"Then, of course, along came AIDS and with it, the increasing need for more infectious disease testing," Dr. Garratty said. "During my training in England, we only conducted one test on blood donors for infections transmitted by transfusions, for syphilis. Then along came hepatitis, followed soon by the FDA getting involved in blood banking and deciding that we could not pay donors for red cells, and requiring us to develop tests to detect hepatitis antigens. Perhaps most significantly, the FDA decided to classify blood as a drug. That tremendous change, toward classifying and inspecting blood banks like a factory producing aspirins, impacted us significantly."
Relating to his research career, Dr. Garratty said: "When I came to the Red Cross, I'd never worked in a blood center; I had always worked in university hematology/transfusion medicine.
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It's a living cell assay, complicated, and expensive - costing about $1000; it takes my senior researcher, Pat Arndt two days to complete the test; we have used it successfully for more than 25 years," explains Dr. Garratty.
Dr. Garratty also provided a glimpse into potential future changes. He remarked, "I give a lecture on the past, present and future of transfusion medicine, and I like to show a slide of things you might be seeing soon.
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As for "artificial blood," despite attracting media attention, Dr. Garratty noted that the two main methods of creating so-called artificial blood have been a disaster. "One by one the clinical trials have produced poor results. One by one the companies have folded or withdrawn their support for this area. I almost feel like taking artificial blood off my slide given the results in the last 30 years."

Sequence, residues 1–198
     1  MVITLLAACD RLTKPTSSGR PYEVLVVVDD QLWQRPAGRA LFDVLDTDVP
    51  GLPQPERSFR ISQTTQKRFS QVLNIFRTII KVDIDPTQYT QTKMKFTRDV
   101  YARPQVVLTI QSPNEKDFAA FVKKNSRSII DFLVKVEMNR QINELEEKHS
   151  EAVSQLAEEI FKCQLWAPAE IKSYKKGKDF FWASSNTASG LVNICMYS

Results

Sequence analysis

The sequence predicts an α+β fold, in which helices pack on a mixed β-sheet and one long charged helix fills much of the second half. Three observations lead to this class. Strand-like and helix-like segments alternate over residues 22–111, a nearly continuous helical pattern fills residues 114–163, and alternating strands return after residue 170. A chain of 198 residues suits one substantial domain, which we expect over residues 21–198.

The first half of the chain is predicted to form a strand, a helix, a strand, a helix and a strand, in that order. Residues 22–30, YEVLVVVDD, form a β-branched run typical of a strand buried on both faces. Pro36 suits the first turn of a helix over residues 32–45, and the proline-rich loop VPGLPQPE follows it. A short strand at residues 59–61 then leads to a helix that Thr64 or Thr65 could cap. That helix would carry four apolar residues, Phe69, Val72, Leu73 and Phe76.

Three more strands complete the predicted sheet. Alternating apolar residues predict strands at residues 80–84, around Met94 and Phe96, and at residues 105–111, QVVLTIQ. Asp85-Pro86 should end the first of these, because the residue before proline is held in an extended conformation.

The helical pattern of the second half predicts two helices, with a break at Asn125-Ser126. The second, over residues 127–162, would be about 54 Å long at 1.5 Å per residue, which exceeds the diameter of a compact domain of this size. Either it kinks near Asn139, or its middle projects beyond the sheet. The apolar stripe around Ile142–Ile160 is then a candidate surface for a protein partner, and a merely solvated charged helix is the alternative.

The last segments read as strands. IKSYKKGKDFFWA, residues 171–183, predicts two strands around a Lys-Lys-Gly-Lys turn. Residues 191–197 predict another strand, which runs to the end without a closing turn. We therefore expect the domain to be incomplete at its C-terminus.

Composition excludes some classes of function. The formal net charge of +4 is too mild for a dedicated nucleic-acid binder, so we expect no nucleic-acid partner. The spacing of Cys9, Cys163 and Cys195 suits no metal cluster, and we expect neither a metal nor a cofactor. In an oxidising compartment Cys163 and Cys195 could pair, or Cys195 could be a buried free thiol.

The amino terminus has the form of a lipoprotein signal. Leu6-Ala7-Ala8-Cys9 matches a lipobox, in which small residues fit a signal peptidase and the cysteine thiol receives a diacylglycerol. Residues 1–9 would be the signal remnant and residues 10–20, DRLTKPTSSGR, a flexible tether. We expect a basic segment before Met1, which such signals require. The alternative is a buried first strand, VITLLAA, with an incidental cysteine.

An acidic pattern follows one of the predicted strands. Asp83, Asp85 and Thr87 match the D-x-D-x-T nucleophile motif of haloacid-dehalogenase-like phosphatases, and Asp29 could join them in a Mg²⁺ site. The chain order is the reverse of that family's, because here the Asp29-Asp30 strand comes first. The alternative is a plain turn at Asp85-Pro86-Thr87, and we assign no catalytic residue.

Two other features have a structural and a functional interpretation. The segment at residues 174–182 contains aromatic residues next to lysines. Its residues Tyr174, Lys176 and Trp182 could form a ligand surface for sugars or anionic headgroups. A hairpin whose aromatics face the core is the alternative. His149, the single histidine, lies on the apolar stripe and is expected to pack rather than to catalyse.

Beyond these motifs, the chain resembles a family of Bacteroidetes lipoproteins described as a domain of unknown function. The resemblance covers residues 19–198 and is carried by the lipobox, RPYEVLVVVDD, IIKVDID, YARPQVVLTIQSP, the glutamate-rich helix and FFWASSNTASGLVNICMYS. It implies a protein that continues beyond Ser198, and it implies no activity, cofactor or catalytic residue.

He pointed to another intriguing idea, which he worked on with a group at the University of Southern California. They found that if they bind a chemical called Polyethylene Glycol (PEG), a large molecule to a red cell - which can be done easily - it blocks all the red cell antigens, including A and B. After years of experimentation, Dr. Garratty's team reached a point that they could block every blood group antigen, but were getting reactions with human sera that could only be explained if people had antibodies to PEG. To test this hypothesis further, they set up a rabbit model, and the rabbits made an anti-PEG that destroyed the treated red cells. "That's when we gave up," Dr. Garratty said. "It turned out that normal, healthy people have naturally occurring antibodies to PEG because it is used pervasively in a range of everyday products, such as in cosmetics, soft drinks and food processing. This case, Dr. Garratty commented, exemplifies just how hard it is to predict the future. "Although after eight years of work the project did not succeed, it was still an exciting area to work on. I've been extremely lucky in that I get up in the morning and look forward to going to work. Every day is exciting in research … you're always facing problems you need to try and solve. It's a continually exciting life."